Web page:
== == Assuming that the person asking the question has been convicted of vehicular manslaughter, it will go something like this. One definition of manslaughter is that an act that could have been called murder was reduced in the degree of seriousness because the person who did it killed someone through stupidity. Given this circumstance, you're not going to need to worry about auto insurance until you get out of prison. When you do, you'll find it very hard to get auto insurance, and it will be very expensive. This is because a person in this situation has already proven that they are careless enough, or stupid enough, or in some cases just unlucky enough, to have killed someone with a car. This is assuming that the state you live in will ever let you have a drivers license again. == == I will add that such a charge means that the person driving the car, used it as if it were a gun or a knife and caused the death of another human being. AS it was not ( usually ) a pre-mediataed act, it cannot be first degree murder, and therefor it is prosecuted as if it were a second degree murder case, with a lesser sentence upon conviction, than would come from a murder conviction.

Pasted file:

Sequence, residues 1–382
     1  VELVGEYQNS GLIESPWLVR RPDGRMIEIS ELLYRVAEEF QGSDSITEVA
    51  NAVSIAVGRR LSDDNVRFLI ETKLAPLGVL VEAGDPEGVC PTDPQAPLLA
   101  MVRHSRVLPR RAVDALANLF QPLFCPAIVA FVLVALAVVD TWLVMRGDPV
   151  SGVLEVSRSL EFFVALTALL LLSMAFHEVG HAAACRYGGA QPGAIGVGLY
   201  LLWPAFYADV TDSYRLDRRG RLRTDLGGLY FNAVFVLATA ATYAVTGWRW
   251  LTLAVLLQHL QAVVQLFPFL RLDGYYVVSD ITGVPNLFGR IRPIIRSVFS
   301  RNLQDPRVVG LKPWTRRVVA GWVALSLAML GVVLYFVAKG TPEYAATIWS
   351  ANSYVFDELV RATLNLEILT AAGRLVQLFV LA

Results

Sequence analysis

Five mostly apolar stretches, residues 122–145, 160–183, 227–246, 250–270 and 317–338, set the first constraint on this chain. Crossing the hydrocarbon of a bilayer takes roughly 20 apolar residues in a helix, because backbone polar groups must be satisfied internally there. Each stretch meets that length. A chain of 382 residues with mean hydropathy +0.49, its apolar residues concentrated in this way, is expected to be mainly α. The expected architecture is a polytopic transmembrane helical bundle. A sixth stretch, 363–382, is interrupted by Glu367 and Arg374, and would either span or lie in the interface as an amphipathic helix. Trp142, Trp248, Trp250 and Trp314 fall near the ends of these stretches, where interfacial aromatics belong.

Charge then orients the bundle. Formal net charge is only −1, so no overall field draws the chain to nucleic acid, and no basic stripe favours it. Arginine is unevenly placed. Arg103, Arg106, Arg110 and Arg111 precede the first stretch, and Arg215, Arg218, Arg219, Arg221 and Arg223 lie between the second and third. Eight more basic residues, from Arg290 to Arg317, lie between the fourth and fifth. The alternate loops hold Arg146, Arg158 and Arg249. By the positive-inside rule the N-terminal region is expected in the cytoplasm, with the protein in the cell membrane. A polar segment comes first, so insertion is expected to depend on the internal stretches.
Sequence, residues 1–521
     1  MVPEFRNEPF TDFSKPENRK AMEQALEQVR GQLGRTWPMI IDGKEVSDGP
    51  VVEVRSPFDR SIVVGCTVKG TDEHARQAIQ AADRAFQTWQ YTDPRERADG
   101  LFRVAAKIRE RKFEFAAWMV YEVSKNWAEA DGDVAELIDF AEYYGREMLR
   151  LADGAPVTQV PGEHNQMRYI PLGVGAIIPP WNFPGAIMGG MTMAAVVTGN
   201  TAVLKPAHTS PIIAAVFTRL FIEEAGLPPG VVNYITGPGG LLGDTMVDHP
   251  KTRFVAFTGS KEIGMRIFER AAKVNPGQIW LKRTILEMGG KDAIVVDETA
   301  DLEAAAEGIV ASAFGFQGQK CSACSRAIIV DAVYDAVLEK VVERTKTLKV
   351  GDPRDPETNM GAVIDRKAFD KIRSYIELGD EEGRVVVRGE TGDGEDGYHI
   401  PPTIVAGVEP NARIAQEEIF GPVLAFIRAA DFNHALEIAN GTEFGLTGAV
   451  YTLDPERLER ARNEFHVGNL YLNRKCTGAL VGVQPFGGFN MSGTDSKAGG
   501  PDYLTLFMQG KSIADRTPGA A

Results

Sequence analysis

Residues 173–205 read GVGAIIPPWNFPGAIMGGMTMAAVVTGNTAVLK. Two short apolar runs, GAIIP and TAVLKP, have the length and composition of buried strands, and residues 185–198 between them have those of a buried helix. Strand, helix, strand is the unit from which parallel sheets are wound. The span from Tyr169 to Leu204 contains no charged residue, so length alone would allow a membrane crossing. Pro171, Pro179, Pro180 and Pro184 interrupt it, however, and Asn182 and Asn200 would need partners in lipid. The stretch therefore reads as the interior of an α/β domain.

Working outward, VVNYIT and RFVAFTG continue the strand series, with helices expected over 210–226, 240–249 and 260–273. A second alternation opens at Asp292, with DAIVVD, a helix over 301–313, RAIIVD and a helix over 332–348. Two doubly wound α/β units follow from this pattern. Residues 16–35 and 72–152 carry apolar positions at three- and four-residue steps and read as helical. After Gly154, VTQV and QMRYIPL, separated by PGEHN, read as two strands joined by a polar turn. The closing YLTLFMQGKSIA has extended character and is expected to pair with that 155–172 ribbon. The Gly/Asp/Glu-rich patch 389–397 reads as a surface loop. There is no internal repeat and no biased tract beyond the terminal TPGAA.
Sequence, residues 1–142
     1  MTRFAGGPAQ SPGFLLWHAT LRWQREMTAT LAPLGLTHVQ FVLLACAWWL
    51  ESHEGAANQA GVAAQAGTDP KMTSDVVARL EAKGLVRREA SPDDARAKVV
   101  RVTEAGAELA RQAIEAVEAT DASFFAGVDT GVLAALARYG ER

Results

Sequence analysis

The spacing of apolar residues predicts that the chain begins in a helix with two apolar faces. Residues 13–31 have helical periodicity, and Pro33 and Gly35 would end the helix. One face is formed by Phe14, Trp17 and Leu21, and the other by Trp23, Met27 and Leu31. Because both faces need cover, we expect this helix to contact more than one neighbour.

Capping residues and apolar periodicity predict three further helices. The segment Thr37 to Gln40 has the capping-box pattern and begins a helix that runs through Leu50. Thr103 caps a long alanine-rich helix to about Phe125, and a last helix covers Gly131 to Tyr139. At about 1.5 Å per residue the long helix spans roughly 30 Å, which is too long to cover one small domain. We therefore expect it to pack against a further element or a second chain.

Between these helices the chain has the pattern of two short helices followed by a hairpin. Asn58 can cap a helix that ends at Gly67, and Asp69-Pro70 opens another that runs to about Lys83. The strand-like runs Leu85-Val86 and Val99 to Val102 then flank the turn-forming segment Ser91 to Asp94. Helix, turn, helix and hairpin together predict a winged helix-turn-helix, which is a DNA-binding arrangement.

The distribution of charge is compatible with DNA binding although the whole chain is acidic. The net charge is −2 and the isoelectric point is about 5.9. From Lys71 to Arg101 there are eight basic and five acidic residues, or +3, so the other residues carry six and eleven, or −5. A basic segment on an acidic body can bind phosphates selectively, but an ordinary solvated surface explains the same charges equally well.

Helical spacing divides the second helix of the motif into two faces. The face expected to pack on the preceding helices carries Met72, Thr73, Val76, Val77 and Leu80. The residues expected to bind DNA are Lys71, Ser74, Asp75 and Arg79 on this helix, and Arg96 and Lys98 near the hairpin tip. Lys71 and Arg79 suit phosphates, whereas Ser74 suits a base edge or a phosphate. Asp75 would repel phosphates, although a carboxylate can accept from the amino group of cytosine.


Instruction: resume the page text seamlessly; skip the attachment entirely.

Vehicular homicide is when you use your car or any driving machine to kill someone else. Vehicular manslaughter is when you use it to hurt someone .
You will be charged with at least vehicular manslaughter in the US.
An accident with a fatalityAdded: If the accident death was the result of negligence or a criminal act - Vehicular Manslaughter or Vehicular Homicide.
Depending on the circumstances the worst charge that can be filed is manslaughter or vehicular homicide.
Situation dependent, but if you're at fault, then you'd be looking at vehicular manslaughter charges and prison time.
What will happen to you if you run over a motorcyclist with your car depends on if it was an accident and if you did it on purpose. There could be no charges filed if it was an accident or you could be charged with vehicular manslaughter.
No, the color of a car does not affect the cost of insurance.
No, parking tickets do NOT affect your car insurance rate.
You'd probably be charged with DUI and Vehicular Homicide, though there are other crimes that could also be charged, such as Manslaughter.
I am not a lawyer, but I would say either vehicular manslaughter or negligent manslaughter--probably vehicular manslaughter because a car is involved. He WAS going 90mph in unsafe conditions, and the prosecutor is going to use it. I am also not a lawyer but a lot will depend on the State You didn't mention if you bf was ticketed If he hasn't been he probably will be The best thing he can do is get a lawyer If he can't afford one he can get an appointed lawyer That would be the best avenue Having an "accident" while driving 90 mph is not an accident, it is pure negligence.
No, a registration ticket does not affect your car insurance. Registration tickets, simple traffic violations, and wrong way turn tickets do not typically affect your standing with your car insurance.
not in the least.